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Crop Biotech Update

Study Shows Bt Cotton Benefits Women in India

July 30, 2010

The planting of Bt cotton in India has resulted in benefits and employment opportunities for rural Indian women. A study by a team led by Dr. Arjunan Subramanian of Warwick Manufacturing Group in the University of Warwick, United Kingdom analyzed the gender aspect of the technology.

Compared with conventional cotton, the researchers found that Bt cotton generated additional employment, raising the total wage income by 40 US dollars per hectare. The largest increase is for hired females with a gain of 55% in average income. About 424 million additional days of employment for female earners were registered for the total Bt cotton area in India. Data show that the increase in returns to hired female labor is mostly related to higher yields in Bt cotton since additional labor is needed to harvest cotton. Harvesting of cotton is primarily a female activity in India.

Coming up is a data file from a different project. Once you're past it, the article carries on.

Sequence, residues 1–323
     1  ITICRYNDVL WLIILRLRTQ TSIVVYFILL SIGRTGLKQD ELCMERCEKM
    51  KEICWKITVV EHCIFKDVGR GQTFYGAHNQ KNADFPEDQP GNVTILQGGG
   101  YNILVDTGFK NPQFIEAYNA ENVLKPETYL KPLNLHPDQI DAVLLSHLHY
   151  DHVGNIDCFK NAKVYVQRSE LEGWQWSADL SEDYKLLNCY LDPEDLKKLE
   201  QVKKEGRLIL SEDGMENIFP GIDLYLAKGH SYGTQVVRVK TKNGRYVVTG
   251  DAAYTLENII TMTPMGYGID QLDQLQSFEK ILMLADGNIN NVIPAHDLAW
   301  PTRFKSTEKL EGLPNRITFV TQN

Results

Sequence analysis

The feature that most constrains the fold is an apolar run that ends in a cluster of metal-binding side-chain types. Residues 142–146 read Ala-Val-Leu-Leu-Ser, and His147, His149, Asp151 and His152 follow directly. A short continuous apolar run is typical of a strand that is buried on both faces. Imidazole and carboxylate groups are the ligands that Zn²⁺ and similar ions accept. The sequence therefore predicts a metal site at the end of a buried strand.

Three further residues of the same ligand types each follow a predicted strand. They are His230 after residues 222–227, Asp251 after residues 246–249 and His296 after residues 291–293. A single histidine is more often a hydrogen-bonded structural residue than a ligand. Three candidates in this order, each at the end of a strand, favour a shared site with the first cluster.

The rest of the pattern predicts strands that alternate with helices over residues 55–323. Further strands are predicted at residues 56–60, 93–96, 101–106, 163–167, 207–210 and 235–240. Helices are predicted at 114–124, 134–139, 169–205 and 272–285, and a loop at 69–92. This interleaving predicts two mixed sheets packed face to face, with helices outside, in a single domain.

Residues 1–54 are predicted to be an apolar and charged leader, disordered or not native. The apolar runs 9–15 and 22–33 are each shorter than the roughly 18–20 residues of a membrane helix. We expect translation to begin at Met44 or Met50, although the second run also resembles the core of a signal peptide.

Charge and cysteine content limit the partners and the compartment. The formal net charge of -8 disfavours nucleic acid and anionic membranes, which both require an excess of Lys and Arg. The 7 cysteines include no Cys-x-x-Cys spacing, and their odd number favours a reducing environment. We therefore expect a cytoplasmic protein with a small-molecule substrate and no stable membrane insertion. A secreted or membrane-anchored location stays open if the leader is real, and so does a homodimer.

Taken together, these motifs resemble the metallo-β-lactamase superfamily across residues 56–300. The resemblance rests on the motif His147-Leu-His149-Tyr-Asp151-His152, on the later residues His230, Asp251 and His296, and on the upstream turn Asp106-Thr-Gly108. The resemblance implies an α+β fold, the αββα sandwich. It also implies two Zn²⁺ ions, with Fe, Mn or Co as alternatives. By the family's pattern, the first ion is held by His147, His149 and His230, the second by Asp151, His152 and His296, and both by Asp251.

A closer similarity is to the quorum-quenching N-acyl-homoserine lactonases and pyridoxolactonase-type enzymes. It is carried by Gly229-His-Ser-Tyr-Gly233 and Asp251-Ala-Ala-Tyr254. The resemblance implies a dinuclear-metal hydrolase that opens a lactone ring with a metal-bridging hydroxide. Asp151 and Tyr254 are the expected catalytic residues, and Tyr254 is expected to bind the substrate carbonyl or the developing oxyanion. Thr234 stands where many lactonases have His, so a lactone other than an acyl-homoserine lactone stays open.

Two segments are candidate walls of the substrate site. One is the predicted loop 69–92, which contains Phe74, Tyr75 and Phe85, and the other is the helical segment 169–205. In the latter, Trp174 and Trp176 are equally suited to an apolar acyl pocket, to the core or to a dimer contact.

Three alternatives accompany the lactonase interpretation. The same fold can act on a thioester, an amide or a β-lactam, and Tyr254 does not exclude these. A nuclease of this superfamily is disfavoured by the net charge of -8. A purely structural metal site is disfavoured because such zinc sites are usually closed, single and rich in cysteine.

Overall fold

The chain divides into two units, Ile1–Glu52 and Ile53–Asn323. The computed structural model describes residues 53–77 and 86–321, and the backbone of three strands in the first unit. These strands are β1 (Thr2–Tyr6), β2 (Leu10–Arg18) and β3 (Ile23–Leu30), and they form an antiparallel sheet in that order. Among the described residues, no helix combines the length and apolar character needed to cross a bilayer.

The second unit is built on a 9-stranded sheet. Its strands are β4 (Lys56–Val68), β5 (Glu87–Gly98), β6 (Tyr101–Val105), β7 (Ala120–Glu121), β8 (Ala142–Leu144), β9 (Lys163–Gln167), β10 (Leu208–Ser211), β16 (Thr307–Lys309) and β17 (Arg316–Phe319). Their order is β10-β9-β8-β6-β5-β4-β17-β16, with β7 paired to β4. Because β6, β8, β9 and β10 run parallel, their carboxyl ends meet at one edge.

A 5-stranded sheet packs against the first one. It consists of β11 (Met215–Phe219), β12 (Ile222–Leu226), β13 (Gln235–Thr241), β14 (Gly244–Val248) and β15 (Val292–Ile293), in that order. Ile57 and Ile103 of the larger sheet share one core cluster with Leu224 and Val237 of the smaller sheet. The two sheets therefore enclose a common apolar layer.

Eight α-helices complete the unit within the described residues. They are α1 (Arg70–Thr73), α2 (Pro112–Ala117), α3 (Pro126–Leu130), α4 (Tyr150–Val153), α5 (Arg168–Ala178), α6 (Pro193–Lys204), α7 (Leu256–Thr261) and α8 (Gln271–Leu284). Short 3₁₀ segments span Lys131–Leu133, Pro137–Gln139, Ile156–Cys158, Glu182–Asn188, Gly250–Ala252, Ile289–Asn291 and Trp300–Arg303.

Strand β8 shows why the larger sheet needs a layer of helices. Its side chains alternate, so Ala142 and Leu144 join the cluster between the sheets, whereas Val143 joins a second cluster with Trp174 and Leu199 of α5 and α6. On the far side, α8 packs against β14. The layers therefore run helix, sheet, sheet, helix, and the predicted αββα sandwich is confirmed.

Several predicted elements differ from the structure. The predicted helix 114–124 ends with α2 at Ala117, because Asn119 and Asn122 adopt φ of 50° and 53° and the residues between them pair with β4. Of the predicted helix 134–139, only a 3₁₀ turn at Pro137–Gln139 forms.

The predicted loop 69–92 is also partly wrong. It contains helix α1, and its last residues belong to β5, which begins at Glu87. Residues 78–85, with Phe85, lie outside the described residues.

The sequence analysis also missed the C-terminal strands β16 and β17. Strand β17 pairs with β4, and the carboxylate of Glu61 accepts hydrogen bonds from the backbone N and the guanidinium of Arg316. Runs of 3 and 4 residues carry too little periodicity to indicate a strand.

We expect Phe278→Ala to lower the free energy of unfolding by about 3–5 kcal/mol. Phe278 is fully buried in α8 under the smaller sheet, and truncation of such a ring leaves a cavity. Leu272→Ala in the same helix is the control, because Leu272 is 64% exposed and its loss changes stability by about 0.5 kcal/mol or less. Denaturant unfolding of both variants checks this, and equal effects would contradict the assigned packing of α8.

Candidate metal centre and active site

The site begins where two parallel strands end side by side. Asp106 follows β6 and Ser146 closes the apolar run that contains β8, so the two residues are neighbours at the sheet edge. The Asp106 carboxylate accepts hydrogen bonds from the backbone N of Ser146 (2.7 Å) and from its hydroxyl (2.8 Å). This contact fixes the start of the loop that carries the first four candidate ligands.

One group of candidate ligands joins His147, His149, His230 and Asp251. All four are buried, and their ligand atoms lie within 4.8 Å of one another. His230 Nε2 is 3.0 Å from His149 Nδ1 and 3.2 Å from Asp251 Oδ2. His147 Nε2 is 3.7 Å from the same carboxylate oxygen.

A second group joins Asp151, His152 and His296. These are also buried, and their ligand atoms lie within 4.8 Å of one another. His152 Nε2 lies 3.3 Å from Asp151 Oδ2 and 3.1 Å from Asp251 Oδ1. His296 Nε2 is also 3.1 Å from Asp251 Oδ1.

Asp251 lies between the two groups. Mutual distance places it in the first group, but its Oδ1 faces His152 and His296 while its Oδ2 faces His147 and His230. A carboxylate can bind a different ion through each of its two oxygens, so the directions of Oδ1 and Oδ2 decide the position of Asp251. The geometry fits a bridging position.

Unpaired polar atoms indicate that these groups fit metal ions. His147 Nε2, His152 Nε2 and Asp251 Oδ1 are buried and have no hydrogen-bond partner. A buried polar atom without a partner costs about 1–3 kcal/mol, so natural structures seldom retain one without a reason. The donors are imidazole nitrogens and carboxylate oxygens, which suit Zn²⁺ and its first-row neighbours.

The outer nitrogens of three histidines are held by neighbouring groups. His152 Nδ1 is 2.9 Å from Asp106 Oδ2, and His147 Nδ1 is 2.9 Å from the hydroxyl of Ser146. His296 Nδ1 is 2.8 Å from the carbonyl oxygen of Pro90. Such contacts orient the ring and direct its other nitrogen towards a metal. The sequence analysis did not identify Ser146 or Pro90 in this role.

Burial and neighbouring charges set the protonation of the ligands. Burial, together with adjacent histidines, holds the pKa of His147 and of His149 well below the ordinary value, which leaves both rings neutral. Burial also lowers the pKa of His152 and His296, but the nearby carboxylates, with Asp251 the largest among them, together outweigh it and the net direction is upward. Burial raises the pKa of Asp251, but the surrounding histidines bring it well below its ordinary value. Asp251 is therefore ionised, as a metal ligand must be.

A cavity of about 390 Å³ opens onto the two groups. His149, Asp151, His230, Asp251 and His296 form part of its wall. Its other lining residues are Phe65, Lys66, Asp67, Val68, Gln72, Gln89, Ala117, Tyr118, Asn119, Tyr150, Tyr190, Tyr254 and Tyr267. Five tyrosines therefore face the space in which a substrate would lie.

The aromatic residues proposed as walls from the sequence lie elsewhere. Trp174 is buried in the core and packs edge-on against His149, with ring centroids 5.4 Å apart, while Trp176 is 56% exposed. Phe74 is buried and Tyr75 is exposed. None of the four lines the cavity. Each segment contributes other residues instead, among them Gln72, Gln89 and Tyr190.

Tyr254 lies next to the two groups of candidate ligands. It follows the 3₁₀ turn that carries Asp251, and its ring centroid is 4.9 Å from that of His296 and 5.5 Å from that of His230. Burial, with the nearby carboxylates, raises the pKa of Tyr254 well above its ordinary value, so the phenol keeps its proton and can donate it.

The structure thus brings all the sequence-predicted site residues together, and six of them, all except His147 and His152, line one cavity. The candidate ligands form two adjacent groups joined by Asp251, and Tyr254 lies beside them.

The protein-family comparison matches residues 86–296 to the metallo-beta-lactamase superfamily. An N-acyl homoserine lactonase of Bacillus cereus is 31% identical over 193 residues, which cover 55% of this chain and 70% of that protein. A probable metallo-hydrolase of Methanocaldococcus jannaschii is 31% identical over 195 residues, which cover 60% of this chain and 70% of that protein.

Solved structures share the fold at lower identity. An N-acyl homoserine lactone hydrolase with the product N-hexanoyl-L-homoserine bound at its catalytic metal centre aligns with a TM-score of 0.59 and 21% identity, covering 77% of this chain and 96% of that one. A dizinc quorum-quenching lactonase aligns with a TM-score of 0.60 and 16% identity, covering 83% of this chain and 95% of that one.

Dr. Arjunan Subramanian added that "We also found that the use of Bt cotton also improved female working conditions as the reduction in the amount of family male labor involved in scouting and spraying for pests meant that labor was reallocated to other household economic activities, previously carried out by female family members, increasing the returns to this labor category. Overall, therefore, Bt cotton enhances the quality of life of women through increasing income and reducing 'femanual' work."

See the University of Warwick press release at http://www2.warwick.ac.uk/newsandevents/pressreleases/gm_crop_produces/ Subscribers can view the research article at http://www.nature.com/nbt/journal/v28/n5/full/nbt0510-404.html